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Mar 16, 2021

Axios Closer

Welcome back.

๐Ÿ”” The dashboard: The S&P 500 fell 0.1%.

  • Biggest decliner? Oilfield equipment provider NOV (-10%), after warning about a worse-than-expected toll on profits. (One reason? Texas deep freeze.)
  • Biggest gainer? Fox Corp. (+4%), amid a continued rally in cable stocks.

Today's newsletter is 589 words, or a 2-minute read.

1 big thing: Businesses kick-start tax fight

Illustration: Sarah Grillo/Axios

An anti-tax hike campaign is already underway in corporate America.

Why it matters: The ink is barely dry on President Biden's relief bill โ€” but since there's optimism about economic prospects and defeating the virus, attention is turning to a trillion-dollar infrastructure package.

  • Companies are onboard. But they don't want to be on the hook in the form of higher taxes to pay for it.

Catch up quick: Hiking corporate tax rates is reportedly one way that's being considered to help fund an infrastructure plan.

  • Per Bloomberg: The rate could go up to 28% from 21%.
  • Flashback: Corporations paid a 35% rate before Trump's 2017 tax cuts.

What they're saying:

  • Jay Timmons, head of the National Association of Manufacturers, told Congress today that "reducing tax rates drove historic growth" in the industry, while voicing support for an infrastructure bill.
  • The Business Roundtable โ€” also in favor of infrastructure โ€” told reporters it would be "actively opposing efforts to raise corporate taxes ... certainly in the present context of an economic crisis, but even beyond," Joshua Bolten, head of the influential lobbying group, said.
  • Questions about the prospect of higher taxes are increasingly popping up in corporate earnings calls: "I probably do expect [some increase]. What I do hope is we have a fact-based dialogue," Johnson & Johnson CFO Joe Wolk said earlier this month.

The bottom line: Get ready to hear a lot about โ€œpay forsโ€ โ€” i.e., how the infrastructure plan will be funded โ€” and predictably, pushback from those in the firing line.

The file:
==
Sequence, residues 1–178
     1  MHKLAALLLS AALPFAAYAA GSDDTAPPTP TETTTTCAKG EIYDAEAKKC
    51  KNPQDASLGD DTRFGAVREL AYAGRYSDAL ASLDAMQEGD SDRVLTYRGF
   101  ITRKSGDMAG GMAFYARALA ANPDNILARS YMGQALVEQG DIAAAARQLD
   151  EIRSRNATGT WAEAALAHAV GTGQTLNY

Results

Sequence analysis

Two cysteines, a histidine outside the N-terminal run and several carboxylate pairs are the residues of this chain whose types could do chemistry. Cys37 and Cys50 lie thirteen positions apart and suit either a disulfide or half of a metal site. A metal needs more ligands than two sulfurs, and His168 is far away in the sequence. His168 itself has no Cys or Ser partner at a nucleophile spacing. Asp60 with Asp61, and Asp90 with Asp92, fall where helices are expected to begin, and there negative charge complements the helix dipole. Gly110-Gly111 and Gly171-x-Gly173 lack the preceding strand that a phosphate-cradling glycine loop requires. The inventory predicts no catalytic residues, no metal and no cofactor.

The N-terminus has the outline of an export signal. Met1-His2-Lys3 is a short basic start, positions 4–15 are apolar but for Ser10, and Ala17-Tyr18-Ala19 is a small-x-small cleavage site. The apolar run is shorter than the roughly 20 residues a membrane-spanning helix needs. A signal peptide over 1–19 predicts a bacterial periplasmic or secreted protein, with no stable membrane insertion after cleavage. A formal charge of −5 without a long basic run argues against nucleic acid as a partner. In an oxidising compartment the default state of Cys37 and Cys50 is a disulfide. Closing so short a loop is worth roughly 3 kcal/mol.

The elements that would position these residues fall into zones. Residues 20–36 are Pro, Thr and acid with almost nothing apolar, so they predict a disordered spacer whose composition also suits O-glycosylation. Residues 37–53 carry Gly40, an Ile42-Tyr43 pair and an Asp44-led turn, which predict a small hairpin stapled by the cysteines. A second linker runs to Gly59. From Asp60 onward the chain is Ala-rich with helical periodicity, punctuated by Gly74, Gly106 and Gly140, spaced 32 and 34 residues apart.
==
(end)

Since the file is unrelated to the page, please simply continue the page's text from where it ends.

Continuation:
Thought bubble, via Axios' Felix Salmon: Paying for the stimulus would have been self-defeating. It would have made it less stimulative. But the infrastructure program is not about artificial stimulus, itโ€™s about building long-term economic capacity. And itโ€™s entirely possible to do that without going further into debt.

2. Charted: The spending slump in perspective
Expand chart
Data: U.S. Census Bureau via FRED; Chart: Axios Visuals

Consumer spending fell a worse-than-expected 3% in February, new data shows โ€” though it remains well above pre-pandemic levels.

  • Spending in January surged (7.6%) even more than initially reported (5.3%).
  • The only category to see a meaningful jump in sales? Gas stations, on the back of higher prices at the pump.

The bottom line: Economists are writing off February's drop-off as a blip that wasn't helped by the brutal storms that crimped spending.

  • They're penciling in a strong snapback as stimulus checks hit accounts and vaccinations pick up pace.
3. โšพ Just in ... LeBron is coming to Boston

LeBron James at the NBA All-Star Game earlier this month. Photo: Kevin C. Cox/Getty Images

Axios' Dan Primack reports: Boston Red Sox parent company Fenway Sports Group is selling an 11% stake to RedBird Capital Partners โ€” and around 1% to an entity affiliated with LeBron James, per a source familiar with the situation.

Why it matters: The deal makes James part-owner of the Red Sox.

  • It's also a massive return for Red Sox majority owner John Henry. The deal values Fenway Sports Group at around $7.3 billion.

Why it matters to Red Sox fans: Because there's a certain amount of sacrilege at play.

  • RedBird is led by Gerry Cardinale, who made his name as the Goldman Sachs banker who helped the New York Yankees create the country's largest regional sports network (YES Network).
  • LeBron grew up as a Yankees fan, and he's known to sport the team's iconic cap. He already had a small ownership stake in soccer club Liverpool FC, which is part of the Fenway Sports Group portfolio.

Keep reading.

4. Whatโ€™s moving

โ›ณ Video game developer Take-Two Interactive struck a deal with Tiger Woods for his likeness and name to appear in upcoming golf video games. Shares rose over 2%. (Fortune)

๐Ÿ“‰ Wall Street's volatility gauge touched the lowest level since the pandemic hit. (Reuters)

๐Ÿš— Ford said it would raise $2 billion in convertible debt. Shares fell 5%. (CNBC)

๐Ÿ‘€ Buffett's Berkshire Hathaway pushes back against diversity and climate disclosures ... Bankrupt Purdue's restructuring plan would divert the company's profits to the opioid crisis fight ... No-fee trading platform eToro is going public ahead of rival Robinhood ... Power provider Griddy is the third to file for bankruptcy in the wake of the Texas storm that sent power prices skyrocketing. (via SPAC).

5. 1 year ago today ... Pandemic-era Black Monday

Screenshot via CNBC broadcast on March 16, 2020

March 16, 2020: Wall Street gets a new "Black Monday" โ€” with the worst day for stocks since 1987.

Now: The Dow and S&P 500 closed a touch below their highest levels ever, as vaccines rollout and the economy stages a comeback.

6. What theyโ€™re saying

One level deeper ... Tesla's "Technoking" is selling the tweet above as a non-fungible token, Marketwatch reports. (My head hurts, too.)

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